The ASEAN Post recently published an article regarding the state of human trafficking in the ASEAN region. In that article, there was a focus on Vietnam due to the recent tragedy involving 39 people who were found dead in a refrigerated trailer in Britain.
While the victims were initially identified as Chinese, it has since been ascertained that at least 20 were, in fact, Vietnamese, and almost all from the same – considered poor – province of Nghe An. This was after the victims’ families came forward saying they feared their relatives were in the ill-fated truck.
Also, the previous article specifically mentions a report titled "Precarious journeys: Mapping vulnerabilities of victims of trafficking from Vietnam to Europe" released in March this year. The report was funded by the United Kingdom (UK) Home Office, while the study was jointly conducted by Anti-Slavery International, Every Child Against Trafficking UK (ECPAT UK) and the Pacific Links Foundation. The report is important because it highlights the fact that among these Vietnamese trafficking victims are many children who get caught in the mess as well.
According to the report, over a period of one and a half years, researchers investigated the issue of human trafficking from Vietnam to the UK and throughout Europe, specifically Poland, the Czech Republic, France and the Netherlands. The latest figures by the National Referral Mechanism, which identifies and protects victims, revealed that more than 3,100 Vietnamese adults and children were identified as victims of trafficking.
The trafficking of children is present in all ASEAN countries, and perhaps throughout most of the world. Nevertheless, due to the recent tragedy involving the 39 victims, this article intends to look specifically at Vietnam.
In Vietnam’s case - as is often the case whenever child trafficking is concerned – poverty is a significant factor in the trafficking of children.
According to the study mentioned above, the factors responsible for pushing people towards illegal immigration included poverty and the pressure on young people to improve the economic situation of their families.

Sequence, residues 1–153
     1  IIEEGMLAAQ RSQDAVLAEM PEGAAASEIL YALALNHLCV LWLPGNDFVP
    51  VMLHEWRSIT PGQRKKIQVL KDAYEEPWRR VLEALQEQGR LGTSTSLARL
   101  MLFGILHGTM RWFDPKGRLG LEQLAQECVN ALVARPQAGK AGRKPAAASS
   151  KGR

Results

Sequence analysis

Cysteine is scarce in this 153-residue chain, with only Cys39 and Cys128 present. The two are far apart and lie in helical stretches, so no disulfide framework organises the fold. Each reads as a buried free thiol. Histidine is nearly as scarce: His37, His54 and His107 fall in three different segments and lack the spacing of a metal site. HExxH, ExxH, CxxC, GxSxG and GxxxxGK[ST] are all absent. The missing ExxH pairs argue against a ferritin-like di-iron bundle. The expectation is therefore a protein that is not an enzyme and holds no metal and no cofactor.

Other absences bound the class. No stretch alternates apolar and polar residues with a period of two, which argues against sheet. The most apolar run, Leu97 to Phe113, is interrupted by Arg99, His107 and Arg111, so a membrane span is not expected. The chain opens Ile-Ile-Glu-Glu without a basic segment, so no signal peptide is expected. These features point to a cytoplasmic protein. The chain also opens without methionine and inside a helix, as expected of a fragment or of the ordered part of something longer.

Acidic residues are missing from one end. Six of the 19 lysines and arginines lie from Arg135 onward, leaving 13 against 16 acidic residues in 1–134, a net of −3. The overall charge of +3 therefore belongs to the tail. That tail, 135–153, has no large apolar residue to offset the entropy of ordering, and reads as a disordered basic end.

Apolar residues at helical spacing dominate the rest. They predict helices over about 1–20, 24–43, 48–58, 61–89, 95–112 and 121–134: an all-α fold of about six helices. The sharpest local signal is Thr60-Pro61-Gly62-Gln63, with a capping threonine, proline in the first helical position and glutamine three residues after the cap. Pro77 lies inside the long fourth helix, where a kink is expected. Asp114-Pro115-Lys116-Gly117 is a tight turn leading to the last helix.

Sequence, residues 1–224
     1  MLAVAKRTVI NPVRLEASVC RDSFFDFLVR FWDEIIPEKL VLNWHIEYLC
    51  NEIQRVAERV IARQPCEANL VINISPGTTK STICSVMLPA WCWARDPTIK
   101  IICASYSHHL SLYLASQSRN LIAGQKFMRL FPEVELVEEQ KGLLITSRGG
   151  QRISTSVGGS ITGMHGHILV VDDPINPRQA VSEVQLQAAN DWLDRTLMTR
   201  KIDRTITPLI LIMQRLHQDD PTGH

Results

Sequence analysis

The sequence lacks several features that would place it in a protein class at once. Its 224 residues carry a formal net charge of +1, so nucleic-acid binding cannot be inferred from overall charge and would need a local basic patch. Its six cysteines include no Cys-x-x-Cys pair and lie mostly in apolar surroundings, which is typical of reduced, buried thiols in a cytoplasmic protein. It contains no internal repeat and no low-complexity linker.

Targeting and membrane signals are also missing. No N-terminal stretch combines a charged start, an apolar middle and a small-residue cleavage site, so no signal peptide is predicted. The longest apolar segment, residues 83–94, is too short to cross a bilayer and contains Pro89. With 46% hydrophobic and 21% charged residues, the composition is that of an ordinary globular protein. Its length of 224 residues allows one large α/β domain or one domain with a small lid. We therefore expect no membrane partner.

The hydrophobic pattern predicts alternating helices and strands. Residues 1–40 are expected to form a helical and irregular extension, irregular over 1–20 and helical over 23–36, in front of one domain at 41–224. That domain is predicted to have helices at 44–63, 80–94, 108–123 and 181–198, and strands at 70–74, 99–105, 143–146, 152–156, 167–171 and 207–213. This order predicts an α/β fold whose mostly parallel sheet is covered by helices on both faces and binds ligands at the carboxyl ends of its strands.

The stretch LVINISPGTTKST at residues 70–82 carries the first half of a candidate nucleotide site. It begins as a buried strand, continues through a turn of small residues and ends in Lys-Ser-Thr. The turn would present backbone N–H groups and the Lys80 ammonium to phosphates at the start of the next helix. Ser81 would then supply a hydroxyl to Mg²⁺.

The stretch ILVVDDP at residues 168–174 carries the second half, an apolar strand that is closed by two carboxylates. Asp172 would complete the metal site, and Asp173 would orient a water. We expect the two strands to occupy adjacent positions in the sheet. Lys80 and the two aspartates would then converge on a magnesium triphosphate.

"The desire for status afforded by material possessions… drives many Vietnamese people looking for a better quality of life to take risks with labour brokers who are deceitful and may be traffickers, resulting in victims owing huge debts," the report says.
Later, the children end up being controlled by debt owed to their traffickers, who argue for a high price by convincing the victims that they would find them good jobs and pay for their travel from Vietnam. Unfortunately, most of these promised "jobs" do not turn out as expected, and the victims are forced to engage in work under exploitative conditions to pay back their traffickers.
As mentioned earlier, most of the Vietnamese victims found in the tragedy involving 39 trafficking victims came from Nghe An. A recent report by an American daily regarding the tragedy noted that Nghe An, Vietnam’s largest province, comprises tiny farming and fishing communities that have languished in poverty. Most houses there are squat, bare concrete structures with a few small rooms.
Nevertheless, there are exceptions and the report noted that gated villas with security cameras indicate the homes of families with relatives who made it to Europe, found work and sent money back. These structures, and the stories from successful migrant workers, lead others to attempt the perilous journey.
It is also important to note that Vietnam, as a country, already has a problem as far as child labour is concerned, which could contribute to the mentality of “it’s alright to send your children out to work”.
In June, Save the Children released its Global Childhood Report 2019. In a survey involving 176 countries, Vietnam was placed 95th and one of its lowest scores was for the percentage of children (aged five to 17) engaged in labour.
On 14 March 2014, Vietnam’s first National Child Labour Survey was launched in Hanoi. The survey found that 9.6 percent of children in the country are aged between five to 17. That is the equivalent of 1.75 million Vietnamese children – with two in every five of them under 15 years of age – working in situations that fit the definition of child labour adopted by the report.
The report defines child labour as work undertaken by children below the appropriate legal minimum working age set by Vietnam’s national laws and the International Labour Organization’s (ILO’s) guidelines.
Since the report, however, Vietnam has made significant strides to eradicate child labour and it’s only fair to acknowledge this.
According to Save the Children, Vietnam has cut its child labour rate by 67 percent – from 28 percent of children aged five to 14 working in 2000 – to nine percent today. The government has also laid the foundation for effective and sustainable action against child labour by ratifying ILO conventions and has gone through several revisions of national child labour laws to address remaining issues.
On top of that, Vietnam’s successful work in poverty reduction has improved living conditions for many families and this has indirectly resulted in fewer children having to work. The country has invested heavily in education, ensuring high enrolment rates, with a particular emphasis on ethnic minority children and children in remote mountainous areas.
However, if Vietnam intends to eliminate human trafficking, especially among its children, then it must continue addressing the state of poverty of its people. For the children, the country must ensure that awareness is spread that children should be in schools, and not in the fields.